Gig review: Pretty Maids came to rock Japan with special “Future World” shows
Melodic heavy metal band Pretty Maids from Denmark came to rock Japan with catchy riffs and a guitar case full of classic songs.
Pretty Maids at Club Citta, Kawasaki on 17th November 2018
I first saw Pretty Maids in concert in Sweden in 1990. Since then I have seen them on all their recent Japan tours. Ronnie Atkins on vocals and Ken Hammer on lead guitar – who together founded the band in 1981 – are still there and they still got it. Bassist Rene Shades has been in the band since 2011. The newer recruits – drummer Allan Sørensen (ex-Royal Hunt) and Chris Laney (ex-Zan Clan, Randy Piper’s Animal) on keyboards, rhythm guitar and background vocals – have added a dimension and helped this band back to where they should be. The line-up is the same as for the band’s last Japan tour in 2017. They were very good then, but they are even better now.
This time they’re in Japan for two special gigs at Club Citta in Kawasaki to celebrate the band’s classic Eddie Kramer-produced album “Future World” from 1987. They’re doing it by playing the album in its entirety and then adding some more goodies from the Pretty Maids back catalogue. On the first evening we get about two hours and 15 minutes of Danish metal with great melodies. They open the evening with “Future World” and gets the crowd going. They follow with “We Came to Rock” – indeed they came from Denmark to rock Japan. It’s a solid band and Ronnie has a terrific voice that is better than ever. When it is time for songs like “Yellow Rain” and “Eye of the Storm” we really get to hear Ronnie shine with his stunning voice. He has a great voice to sing energetic rock, but it is during calmer ballads we are reminded what a splendid vocalist he is. “Love Games” is a huge crowd favourite while “Loud N Proud” is one of the evening’s musical highlights.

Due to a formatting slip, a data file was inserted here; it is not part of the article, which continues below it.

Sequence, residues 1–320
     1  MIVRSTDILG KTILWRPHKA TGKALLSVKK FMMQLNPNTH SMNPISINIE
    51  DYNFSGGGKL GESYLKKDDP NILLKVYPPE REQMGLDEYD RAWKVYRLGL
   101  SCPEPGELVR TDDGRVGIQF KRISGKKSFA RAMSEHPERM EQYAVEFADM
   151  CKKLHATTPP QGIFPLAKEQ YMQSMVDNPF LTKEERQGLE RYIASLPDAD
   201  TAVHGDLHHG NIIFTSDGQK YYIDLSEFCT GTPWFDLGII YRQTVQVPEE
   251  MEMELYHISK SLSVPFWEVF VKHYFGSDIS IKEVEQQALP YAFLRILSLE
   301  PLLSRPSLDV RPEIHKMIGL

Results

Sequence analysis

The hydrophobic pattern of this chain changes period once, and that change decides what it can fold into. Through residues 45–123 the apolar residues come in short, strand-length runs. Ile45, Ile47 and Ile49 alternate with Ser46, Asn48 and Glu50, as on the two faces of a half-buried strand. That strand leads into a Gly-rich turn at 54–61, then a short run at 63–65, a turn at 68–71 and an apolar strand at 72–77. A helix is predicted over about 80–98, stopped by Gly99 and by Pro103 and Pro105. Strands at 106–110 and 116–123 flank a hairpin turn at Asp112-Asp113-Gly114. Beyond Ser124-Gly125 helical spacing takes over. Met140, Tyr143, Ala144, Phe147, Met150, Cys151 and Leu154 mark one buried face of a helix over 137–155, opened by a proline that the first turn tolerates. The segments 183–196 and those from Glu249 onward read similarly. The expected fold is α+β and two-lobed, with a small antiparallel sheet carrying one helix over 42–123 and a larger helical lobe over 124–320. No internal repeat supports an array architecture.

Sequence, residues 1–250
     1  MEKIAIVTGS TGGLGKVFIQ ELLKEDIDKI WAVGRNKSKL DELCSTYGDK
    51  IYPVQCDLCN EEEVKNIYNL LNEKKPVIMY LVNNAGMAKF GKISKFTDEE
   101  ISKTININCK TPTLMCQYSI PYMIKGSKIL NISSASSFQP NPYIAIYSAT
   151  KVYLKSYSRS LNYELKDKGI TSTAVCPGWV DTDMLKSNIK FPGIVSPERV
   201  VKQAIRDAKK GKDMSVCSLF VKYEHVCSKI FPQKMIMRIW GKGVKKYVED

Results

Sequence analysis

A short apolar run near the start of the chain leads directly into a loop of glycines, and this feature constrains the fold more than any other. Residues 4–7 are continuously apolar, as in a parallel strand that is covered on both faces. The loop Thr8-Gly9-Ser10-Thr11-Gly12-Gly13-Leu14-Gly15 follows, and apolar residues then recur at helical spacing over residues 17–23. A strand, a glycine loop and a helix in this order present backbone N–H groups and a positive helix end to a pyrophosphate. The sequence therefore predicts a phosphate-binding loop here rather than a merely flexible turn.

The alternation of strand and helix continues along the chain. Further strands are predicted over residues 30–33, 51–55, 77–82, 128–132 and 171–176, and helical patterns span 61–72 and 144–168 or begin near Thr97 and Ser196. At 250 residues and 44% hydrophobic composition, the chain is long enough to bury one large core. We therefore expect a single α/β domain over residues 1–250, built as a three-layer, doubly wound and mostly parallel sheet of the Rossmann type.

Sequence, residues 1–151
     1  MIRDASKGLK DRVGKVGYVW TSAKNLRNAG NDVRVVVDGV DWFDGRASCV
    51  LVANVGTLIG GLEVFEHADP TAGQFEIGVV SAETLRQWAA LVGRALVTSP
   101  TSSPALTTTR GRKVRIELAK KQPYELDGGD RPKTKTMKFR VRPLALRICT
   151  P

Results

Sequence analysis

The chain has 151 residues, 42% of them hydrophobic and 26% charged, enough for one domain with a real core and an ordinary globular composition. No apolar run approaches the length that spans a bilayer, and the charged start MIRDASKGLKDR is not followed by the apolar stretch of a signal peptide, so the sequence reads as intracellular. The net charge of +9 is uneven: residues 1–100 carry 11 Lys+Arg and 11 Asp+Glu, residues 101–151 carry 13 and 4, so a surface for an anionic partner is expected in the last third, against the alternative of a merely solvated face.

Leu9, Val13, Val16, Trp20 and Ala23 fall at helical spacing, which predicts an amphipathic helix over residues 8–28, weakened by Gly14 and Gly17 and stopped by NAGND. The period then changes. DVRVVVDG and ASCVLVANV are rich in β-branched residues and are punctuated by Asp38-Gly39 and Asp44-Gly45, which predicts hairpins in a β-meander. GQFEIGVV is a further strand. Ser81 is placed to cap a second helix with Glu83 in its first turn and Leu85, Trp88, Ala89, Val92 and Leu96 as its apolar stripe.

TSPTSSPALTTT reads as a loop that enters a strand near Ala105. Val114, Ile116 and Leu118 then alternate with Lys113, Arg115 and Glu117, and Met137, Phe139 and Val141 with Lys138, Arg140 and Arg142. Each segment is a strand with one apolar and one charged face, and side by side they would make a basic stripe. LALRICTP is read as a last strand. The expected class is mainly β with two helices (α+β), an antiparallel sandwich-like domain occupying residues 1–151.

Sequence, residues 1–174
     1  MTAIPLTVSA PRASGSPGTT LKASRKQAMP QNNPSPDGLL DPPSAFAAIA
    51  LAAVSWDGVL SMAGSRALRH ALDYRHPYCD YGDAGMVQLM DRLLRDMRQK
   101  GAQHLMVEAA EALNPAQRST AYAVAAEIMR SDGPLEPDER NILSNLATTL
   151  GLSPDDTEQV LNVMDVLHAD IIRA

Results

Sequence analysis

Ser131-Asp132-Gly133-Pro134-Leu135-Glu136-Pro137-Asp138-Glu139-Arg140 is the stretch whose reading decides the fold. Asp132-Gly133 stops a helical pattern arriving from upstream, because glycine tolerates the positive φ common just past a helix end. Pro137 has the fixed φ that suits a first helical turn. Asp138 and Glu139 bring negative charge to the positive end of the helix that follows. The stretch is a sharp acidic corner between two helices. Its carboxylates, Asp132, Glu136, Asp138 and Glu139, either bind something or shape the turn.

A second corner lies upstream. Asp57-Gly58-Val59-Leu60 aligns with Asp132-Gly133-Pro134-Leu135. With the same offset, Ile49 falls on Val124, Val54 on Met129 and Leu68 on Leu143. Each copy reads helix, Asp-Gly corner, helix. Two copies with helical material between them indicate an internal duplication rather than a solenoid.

Following the nine tracks from the “Future World” album – which have aged well and do not sound dated – the band keeps giving an already very excited audience plenty of more good stuff from the band’s career. They kick off the second half with the terrific “Mother of All Lies” and follow it with the equally great “Kingmaker”. “Pandemonium” is another obvious favourite of mine in the show while “Savage Heart”, from the 1990 album “Jump the Gun”, is perhaps the show’s highlight for me. For most of the song, the performance is just Ronnie’s voice backed up by Chris on keyboards. Towards the end of the song, Ken Hammer steps in with a guitar solo and he brings the rhythm section back on stage in a proper power-ballad crescendo. The band continues with plenty of fan favourites until they finish the set with “Back to Back” from their 1984 debut album “Red, Hot and Heavy”. They return to do a great encore consisting of “Sin Decade”, “Rock the House” and the John Sykes cover “Please Don’t Leave Me” before an overexcited band keeps on jamming some silly Christmas carols.
This was quite an exquisite evening for those of us who like our Nordic melodic metal.